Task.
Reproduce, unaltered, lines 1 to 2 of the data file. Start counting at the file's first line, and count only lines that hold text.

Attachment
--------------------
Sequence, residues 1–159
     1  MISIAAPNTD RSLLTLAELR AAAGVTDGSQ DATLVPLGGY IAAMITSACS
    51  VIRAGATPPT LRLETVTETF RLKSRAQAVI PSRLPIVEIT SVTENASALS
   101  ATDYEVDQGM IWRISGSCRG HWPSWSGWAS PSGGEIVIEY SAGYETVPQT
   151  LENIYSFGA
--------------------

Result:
Sequence, residues 1–159
     1  MISIAAPNTD RSLLTLAELR AAAGVTDGSQ DATLVPLGGY IAAMITSACS